The head of one of LIAT’s shareholder governments wants to see a “humanitarian” resolution to the ongoing pay dispute involving former employees of the cash-strapped regional carrier.
Dominica’s Prime Minister Roosevelt Skerrit made the call as former employees of the airline – which is owned by his government as well as the governments of Antigua and Barbuda, Barbados, and St Vincent and the Grenadines – continue to demand severance and other payments.
The employees’ unions say they are disappointed that the shareholder governments have not addressed severance payments to the former workers, even as the airline operates a reduced schedule since November 2020.
“The issue of the payment of severance pay is a matter of the law but we believe that some form of compromise should occur. That’s our personal opinion. It is not the position of the entire shareholders of LIAT, but our personal position,” Skerrit said, speaking on the state-owned DBS radio.
“Something has to happen and I am hoping that we can find a way of addressing it at some point, especially during the discussions taking place for a new entity. But this will have to be dealt with by individual governments and I am not in a position to indicate what position each government should take. But I believe that we should find a solution. I know some governments have made some proposals to some of the unions. I believe that all of us in it must come to a point of compromise.
“We will have to look at the laws in the respective countries and I don’t want to speak about the issue of the law; I am speaking purely from a humanitarian standpoint,” Skerrit added.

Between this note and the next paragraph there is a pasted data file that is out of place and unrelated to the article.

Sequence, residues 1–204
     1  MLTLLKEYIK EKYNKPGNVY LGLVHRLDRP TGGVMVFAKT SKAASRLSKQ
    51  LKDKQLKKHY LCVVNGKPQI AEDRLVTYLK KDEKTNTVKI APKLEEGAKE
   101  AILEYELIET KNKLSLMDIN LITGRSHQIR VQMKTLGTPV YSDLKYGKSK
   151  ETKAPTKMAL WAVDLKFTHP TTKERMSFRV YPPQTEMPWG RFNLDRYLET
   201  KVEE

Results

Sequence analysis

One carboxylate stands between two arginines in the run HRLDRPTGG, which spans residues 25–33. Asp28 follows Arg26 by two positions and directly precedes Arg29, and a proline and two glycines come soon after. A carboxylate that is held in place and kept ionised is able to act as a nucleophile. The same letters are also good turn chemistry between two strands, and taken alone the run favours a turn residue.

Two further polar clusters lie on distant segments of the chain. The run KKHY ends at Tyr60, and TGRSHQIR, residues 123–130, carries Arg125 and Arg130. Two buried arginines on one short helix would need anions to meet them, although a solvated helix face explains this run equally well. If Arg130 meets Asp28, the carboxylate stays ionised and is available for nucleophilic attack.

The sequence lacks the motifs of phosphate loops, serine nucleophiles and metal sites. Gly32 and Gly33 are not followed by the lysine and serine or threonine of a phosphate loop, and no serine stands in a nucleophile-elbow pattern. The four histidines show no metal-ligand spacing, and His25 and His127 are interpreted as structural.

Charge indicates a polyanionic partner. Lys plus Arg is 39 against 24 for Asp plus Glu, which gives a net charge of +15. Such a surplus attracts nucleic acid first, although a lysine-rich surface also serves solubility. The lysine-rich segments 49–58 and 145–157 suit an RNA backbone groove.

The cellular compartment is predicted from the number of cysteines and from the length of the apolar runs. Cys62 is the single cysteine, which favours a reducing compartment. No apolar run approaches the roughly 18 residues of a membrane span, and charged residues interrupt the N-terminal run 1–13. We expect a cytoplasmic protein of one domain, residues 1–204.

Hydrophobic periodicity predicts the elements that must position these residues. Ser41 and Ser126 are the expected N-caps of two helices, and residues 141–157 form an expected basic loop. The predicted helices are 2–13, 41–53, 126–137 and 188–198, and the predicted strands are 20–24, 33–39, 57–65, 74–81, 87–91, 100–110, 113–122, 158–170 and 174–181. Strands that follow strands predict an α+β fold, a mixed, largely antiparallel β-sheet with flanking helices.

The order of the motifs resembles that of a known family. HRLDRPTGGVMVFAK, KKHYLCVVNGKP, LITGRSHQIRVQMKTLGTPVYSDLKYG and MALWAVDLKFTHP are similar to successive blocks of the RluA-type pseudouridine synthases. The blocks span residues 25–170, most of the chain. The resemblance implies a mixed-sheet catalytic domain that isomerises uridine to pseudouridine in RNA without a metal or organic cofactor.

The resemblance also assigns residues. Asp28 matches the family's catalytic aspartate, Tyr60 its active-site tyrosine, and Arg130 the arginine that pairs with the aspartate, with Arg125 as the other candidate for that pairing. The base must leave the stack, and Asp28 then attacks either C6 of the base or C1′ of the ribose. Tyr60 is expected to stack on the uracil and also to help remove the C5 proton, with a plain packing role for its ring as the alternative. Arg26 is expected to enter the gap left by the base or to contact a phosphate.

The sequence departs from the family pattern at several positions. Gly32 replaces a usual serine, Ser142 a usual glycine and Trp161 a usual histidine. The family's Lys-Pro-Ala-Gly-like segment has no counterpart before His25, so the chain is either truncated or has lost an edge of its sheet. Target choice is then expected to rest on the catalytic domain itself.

Earlier this week, the general secretary of the Antigua and Barbuda Workers’ Union (ABWU) David Massiah said he would continue efforts to have a meeting with Cleveland Seaforth, the court-appointed administrator for the airline.
He said among the issues to be discussed will be the decision by the shareholder governments to liquidate the company which owes millions of dollars to former employees who were dismissed last year.
Massiah said the administrator must explain to the union what the liquidation means to the former and present employees of the airline in addition to the way forward.
Last month, regional leaders met to discuss the situation regarding air transportation in the Caribbean amidst concerns that both regional and international travellers are finding it very expensive and difficult to commute.
On Tuesday, President of the Barbados-based Caribbean Development Bank (CDB) Dr Gene Leon, at a news conference to launch the 53rd general meeting of the bank to be held in St Lucia in June next year, said while he does not have specific advice for regional governments regarding LIAT, he was willing to offer some advice going forward on plans for improving air and sea transportation.
“If I can offer any advice to governments it would be let us work together to agree on a goal that can address the challenge of connectivity in all of its lines, and let us create the investment opportunities – and that’s both the activity and the financing – that will allow us to overcome the transportation issues that we face in the region.
“It is not impossible, we need to get out of the impossibility trap that nothing is possible. Everything is possible, we just have to be creative enough and if we do that then we are committed to finding solutions, I think we can find solutions,” the CDB president said. (CMC/BT)